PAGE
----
Google’s Android in Kenya

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Over the weekend I did a blog post here about the low-cost but reasonably high-end Huawei IDEOS Android smartphone that had been announced this past week in Europe. The big news in this respect was that the IDEOS is expected to launch globally at a price between US$ 100.00 to US$ 200.00 (i.e. Kes. 8,000.00 to Kes. 16,000.00) without an operator contract, making it particularly suited for Africa.

In an interesting turnof events, my blog post was spot on as the front page of the Business Daily this morning carried a story by Kui Kinyanjui confirming that the IDEOS would be coming to Kenya at an expected retail price of Kes. 8,000.00. This was further confirmed today at Google’s G-Kenya event that started today in Nairobi at Strathmore University via an official announcement from Google representatives.

However, even though the thought of an Android smartphone at only Kes. 8,000.00, which is even less than a good number of feature phones in the marketplace today, the bigger announcement of the day was that Google was launching their hugely successful Android Market in Kenya as well. Kenya is only the second country in Africa to get Android Market after South Africa.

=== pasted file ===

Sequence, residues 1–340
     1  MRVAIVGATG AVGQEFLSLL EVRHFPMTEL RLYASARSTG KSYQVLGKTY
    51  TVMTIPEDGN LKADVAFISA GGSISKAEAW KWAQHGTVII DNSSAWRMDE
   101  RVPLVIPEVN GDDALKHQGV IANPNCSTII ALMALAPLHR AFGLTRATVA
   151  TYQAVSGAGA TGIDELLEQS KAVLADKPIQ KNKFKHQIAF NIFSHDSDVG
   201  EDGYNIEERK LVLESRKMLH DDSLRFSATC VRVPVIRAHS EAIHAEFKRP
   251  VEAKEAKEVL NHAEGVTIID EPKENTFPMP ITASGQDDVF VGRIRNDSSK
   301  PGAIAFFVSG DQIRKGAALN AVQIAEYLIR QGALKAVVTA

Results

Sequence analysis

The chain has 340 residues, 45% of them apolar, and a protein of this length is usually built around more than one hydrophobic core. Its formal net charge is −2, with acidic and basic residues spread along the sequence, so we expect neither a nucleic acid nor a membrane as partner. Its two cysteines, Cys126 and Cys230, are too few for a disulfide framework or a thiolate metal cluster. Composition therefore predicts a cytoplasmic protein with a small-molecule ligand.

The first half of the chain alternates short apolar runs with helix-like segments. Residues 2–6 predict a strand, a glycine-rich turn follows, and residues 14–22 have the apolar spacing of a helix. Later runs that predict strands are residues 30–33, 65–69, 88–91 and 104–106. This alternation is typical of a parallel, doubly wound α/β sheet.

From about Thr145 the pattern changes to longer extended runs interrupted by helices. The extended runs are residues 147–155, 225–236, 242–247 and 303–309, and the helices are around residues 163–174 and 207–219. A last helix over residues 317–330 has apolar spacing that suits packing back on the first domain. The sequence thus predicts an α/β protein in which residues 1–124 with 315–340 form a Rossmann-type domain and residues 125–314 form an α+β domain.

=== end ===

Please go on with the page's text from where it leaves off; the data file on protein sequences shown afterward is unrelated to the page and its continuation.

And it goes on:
Android Market is an online apps store developed by Google for Android devices (not just handsets but everything else that may run on Android such as tablets and notebooks). The Android Market is accessed via a mobile app called that is typically pre-installed on Android devices. It enables users to browse, select and download mobile apps for their Android devices.

The most significant thing about Android Market for Kenya is that it enables third-party developers to publish apps that can be either free or for sale. In terms of monetizing apps, the way it works is that app developers get to keep 70% of the app value when sold in the store and the balance of 30% is usually shared between the mobile networks as well as payment processors (in Kenya, in addition to premium billing, this could also be done via mobile money services such as Safaricom’s M-Pesa, Zain’s Zap or YU’s YUcash).

As of August 2010, the Android Market has over 100,000 apps published and to-date and they have collectively been downloaded over 1 billion times to-date. At this juncture, apps are being published to Android Market at a rate of over 10,000 per month. Currently, Android mobile handsets are the fastest growing segment of smartphones globally and they have already eclipsed Apple’s iPhone in terms of the rate of adoption.

However, Nokia at this time is leading in Kenya with its OVI app store which already features several locally developed apps from Kenya. In addition, Samsung is also in the process of developing local apps in Kenya for its Bada platform. The good news is that app developers in Kenya now have more platforms on which they can publish and monetize their apps as well as reach not only local markets but also global markets.

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